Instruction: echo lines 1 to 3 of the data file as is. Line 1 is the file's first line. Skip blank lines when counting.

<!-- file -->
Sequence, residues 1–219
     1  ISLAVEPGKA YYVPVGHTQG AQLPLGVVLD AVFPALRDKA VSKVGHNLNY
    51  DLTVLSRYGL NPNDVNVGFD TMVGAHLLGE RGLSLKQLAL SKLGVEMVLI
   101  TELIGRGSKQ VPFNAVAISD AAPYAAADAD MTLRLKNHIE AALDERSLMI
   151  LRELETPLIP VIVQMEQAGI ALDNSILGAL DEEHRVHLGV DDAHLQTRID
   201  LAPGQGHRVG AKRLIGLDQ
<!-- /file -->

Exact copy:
Sequence, residues 1–219
     1  ISLAVEPGKA YYVPVGHTQG AQLPLGVVLD AVFPALRDKA VSKVGHNLNY
    51  DLTVLSRYGL NPNDVNVGFD TMVGAHLLGE RGLSLKQLAL SKLGVEMVLI